Food insecurity in a tobacco growing region in Zambia
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Given increasing pressure from transnational corporations to increase tobacco production in sub-Saharan Africa, especially in contexts where food insecurity is prevalent, this study contributes to our understanding of how growing this crop affects food production and women’s well-being in sub-Saharan Africa. The study characterized food insecurity and described gender inequalities in the context of smallholder tobacco growing with a specific focus on the different responsibilities of women and men for household food access. The complex nature of the food insecurity and tobacco growing relationship required using mixed data to explore processes at global, national, subnational, and household scales. Tobacco growing has been proffered as a means of alleviating rural poverty. While food insecurity was not associated with whether or not a farmer grew tobacco in this sample, factors related to tobacco growing are implicated in the social production of food insecurity by diverting labour away from crops that promote food and nutrition security. Farmers and other community members expressed concerns about the viability of tobacco growing livelihoods, owing to the oppressive nature of tobacco growing contracts, plus the labour intensity, nutritional, environmental, and social stresses associated with tobacco growing. The study also found that patriarchal norms and customs interact with intra-household cooperation norms to influence how household labour is allocated to agricultural activities and income is allocated to food and non-food needs. Furthermore, because of this interaction, women suffer negative social and health consequences, as evidenced by persistent restrictions on their autonomy, poorer nutritional status, and the persistence of cultural and social processes that increase the risk of gender-based violence. Transformative policy interventions must strengthen or re-design existing national programs of support for rural, smallholder farmers to raise incentives for farmers to grow food. These interventions must also account for how women’s options are affected by household co-operation norms.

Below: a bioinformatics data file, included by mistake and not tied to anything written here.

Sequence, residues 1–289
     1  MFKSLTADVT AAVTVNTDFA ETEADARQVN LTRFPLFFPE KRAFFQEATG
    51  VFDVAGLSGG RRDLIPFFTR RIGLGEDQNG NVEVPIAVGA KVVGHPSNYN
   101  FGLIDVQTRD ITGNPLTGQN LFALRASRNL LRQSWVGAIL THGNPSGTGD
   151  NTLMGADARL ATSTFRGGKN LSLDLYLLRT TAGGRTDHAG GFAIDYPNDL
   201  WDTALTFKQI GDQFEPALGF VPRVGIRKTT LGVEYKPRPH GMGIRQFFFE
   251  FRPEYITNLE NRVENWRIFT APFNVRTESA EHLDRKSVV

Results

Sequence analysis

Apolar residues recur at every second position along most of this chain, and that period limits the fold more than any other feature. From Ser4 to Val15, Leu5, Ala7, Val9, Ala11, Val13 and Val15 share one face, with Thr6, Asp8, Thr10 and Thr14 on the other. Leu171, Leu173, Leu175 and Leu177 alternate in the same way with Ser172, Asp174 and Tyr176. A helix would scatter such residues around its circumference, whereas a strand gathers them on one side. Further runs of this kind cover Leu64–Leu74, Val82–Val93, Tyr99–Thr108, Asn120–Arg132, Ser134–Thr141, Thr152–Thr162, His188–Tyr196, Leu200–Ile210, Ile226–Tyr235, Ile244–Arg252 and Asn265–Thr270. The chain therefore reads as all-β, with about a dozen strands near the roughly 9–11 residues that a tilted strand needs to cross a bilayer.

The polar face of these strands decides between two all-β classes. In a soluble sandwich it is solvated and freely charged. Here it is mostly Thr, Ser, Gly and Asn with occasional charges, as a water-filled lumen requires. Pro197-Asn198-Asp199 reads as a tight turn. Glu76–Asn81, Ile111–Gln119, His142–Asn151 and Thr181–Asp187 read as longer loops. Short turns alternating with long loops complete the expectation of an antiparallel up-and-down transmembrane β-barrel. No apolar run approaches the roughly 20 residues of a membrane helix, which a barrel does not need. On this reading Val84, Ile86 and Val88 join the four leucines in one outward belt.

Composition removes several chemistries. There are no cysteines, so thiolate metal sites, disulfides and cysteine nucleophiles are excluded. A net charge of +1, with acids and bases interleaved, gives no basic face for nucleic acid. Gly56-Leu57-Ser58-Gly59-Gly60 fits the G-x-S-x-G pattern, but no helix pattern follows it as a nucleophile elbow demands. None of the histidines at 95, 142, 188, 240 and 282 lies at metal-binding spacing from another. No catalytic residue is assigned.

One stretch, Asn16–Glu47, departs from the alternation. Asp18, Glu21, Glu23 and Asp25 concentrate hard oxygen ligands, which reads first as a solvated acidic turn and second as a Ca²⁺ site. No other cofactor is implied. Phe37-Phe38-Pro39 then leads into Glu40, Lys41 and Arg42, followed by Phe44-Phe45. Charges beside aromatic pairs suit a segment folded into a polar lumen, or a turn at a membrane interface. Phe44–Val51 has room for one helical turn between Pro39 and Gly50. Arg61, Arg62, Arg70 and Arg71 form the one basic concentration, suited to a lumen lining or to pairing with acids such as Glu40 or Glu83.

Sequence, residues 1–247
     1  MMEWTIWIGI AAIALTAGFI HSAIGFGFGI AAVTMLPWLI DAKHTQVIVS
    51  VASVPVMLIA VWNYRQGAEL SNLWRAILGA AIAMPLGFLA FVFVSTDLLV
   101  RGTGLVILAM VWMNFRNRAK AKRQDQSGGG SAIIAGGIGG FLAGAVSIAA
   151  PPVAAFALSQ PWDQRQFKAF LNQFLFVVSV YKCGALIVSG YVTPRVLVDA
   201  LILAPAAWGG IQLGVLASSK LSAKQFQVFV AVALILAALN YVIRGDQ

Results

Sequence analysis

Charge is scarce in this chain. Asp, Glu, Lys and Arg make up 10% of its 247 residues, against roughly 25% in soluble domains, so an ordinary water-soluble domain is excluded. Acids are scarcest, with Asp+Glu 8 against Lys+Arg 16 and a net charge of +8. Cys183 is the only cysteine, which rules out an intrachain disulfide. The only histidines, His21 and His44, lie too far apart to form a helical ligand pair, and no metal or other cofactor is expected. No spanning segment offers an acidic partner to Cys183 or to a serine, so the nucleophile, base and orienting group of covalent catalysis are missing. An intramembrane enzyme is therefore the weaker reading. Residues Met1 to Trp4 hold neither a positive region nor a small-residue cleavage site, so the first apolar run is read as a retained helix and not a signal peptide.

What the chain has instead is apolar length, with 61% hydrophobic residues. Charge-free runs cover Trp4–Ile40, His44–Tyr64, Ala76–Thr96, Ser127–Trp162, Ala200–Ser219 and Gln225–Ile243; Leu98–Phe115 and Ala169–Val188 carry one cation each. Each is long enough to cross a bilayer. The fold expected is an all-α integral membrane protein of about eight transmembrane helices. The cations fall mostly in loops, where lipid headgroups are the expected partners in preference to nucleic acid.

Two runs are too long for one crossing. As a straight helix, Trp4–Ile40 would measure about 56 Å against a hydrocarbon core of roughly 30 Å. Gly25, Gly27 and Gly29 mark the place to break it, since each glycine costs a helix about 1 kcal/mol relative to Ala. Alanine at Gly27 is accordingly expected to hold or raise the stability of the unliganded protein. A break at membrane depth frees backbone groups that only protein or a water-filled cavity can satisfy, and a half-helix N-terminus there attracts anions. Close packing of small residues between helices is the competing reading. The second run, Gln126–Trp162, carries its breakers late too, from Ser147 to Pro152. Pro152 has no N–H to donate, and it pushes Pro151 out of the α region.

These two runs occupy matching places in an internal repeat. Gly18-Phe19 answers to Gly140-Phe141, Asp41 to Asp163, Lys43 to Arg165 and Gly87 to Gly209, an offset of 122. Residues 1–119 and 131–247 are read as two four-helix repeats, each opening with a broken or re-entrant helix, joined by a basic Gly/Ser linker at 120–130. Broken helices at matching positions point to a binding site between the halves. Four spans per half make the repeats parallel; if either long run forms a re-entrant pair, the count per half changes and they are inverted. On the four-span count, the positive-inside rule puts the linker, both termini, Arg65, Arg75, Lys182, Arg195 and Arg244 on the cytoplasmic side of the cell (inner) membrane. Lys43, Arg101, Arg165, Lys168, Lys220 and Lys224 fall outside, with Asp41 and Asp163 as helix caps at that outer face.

Cite this version of the work
Christine Imaobong Edet (2022). Food insecurity in a tobacco growing region in Zambia. UWSpace. http://hdl.handle.net/10012/18934